A federal judge in Michigan has ruled that faith-based adoption organizations that contract with the state can refuse to place children with same-sex couples until their lawsuit against the state is fully litigated.
Judge Robert Jonker on Thursday issued a preliminary injunction against a court settlement reached earlier this year between the state and two lesbian couples represented by the American Civil Liberties Union.
The ACLU, a leading left-leaning legal advocacy group, sued the state in 2017 over a 2015 Republican-backed law that protected child-placement agencies from having to violate their religious convictions by being forced to place children with same-sex couples.
The ACLU’s 2017 lawsuit alleged that same-sex couples were turned away by Catholic Charities and Bethany Christian Services.
In 2019, Democrat Attorney General Dana Nessel became Michigan’s first openly gay statewide officeholder and refused to defend the 2015 Michigan law protecting faith-based providers in court.
In March, Nessel reached a settlement with the ACLU that required the state to enforce LGBT nondiscrimination provisions within its contracts with adoption placement agencies.
About a month later, a lawsuit against the settlement was filed on behalf of St. Vincent Catholic Charities and parents Chad and Melissa Buck, alleging that the terms of the settlement violate the Free Exercise Clause of the First Amendment.
St. Vincent has historically been allowed to refer prospective parents to other agencies if religious beliefs prevented the charity from assisting with the certification and licensing process.
Its lawsuit argued that such a policy requires the state to discriminate against agencies with “religious objections to same-sex marriage.”
St. Vincent accused the state of conditioning its license on the organization’s willingness to make statements that contradict its religious beliefs.
In granting the motion for a preliminary injunction, Jonker criticized Nessel for putting St. Vincent in a position to have to either give up its religious beliefs or stop contracting with the state.
Jonker added that Nessel has “made it clear that she considered beliefs like St. Vincent’s to be the product of hate.”
“That kind of targeted attack on a sincerely held religious belief is what calls for strict scrutiny in this case and supports entry of a preliminary injunction preserving the status quo while the case is fully litigated,” Jonker, an appointee of President George W. Bush, wrote in his ruling.
He added that the state pays St. Vincent to “place children with foster or adoptive parents certified as suitable by the state.”
“St. Vincent has done that faithfully, regardless of whether the certified parents were opposite sex, same-sex, or unmarried couples,” Jonker contended. “St. Vincent would like to continue doing so under existing and renewed contracts with the state.”
Jonker also refused a request to dismiss Nessel as a defendant in the case on grounds that she is not responsible for Michigan’s change in policy.
“Based on the record to date, Defendant Nessel is at the very heart of the case,” Jonker wrote. “She referred to proponents of the 2015 law as ‘hate-mongers’ and said the only purpose of the 2015 law was ‘discriminatory animus.’ She described the 2015 law as ‘indefensible’ during her campaign. These statements raise a strong inference of a hostility toward a religious viewpoint.”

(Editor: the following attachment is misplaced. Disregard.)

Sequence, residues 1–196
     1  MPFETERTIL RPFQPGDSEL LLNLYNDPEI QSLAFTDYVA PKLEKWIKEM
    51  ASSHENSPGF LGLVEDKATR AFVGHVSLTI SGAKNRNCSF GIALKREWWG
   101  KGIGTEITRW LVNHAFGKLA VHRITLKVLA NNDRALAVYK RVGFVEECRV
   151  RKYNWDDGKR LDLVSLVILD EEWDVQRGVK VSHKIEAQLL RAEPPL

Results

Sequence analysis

Jonker’s decision was praised by St. Vincent’s legal team at the Becket Fund for Religious Liberty, a legal nonprofit that defends religious freedom rights in court.
“Our nation is facing a foster care crisis, and we are so glad that Michigan’s foster children will continue having all hands on deck to help them find loving forever homes,” Becket senior counsel Lori Windham said in a statement. “The Bucks and St. Vincent Catholic Charities won a victory in Michigan, but there is still work to be done to ensure that faith-based agencies can contribute to ending our nation’s foster care crisis.”
Earlier this year, the Michigan Department of Health and Human Services stated that it needed as many foster homes as possible with over 13,000 foster children in the system.
According to a Becket press release, St. Vincent Catholic Charities is one of the state’s most successful adoption agencies and has recruited more new adoptive families than almost 90 percent of other agencies in the area in 2017.
“St. Vincent has been with us every step of our journey: answering every phone call, coming with us to doctor’s appointments, even bringing us food, as we strive to give our five beautiful children the best future they can have,” adoptive mother Melissa Buck said in a statement. “St. Vincent brought our family together, and I’m happy to know they can keep doing their great work helping children find homes.”
Jay Kaplan, staff attorney for the ACLU of Michigan's LGBT Project, said in a statement given to media that the injunction “requires the state to put the individual religious beliefs of foster care agencies ahead of the welfare of children.
"This will not facilitate foster and adoptive placements for children in need,” he argued. “Instead, it will allow agencies to turn away same-sex foster parents who are able to provide supportive and loving homes for these children."
A spokeswoman for Nessel told WCYB that the office was reviewing the decision to determine their next steps.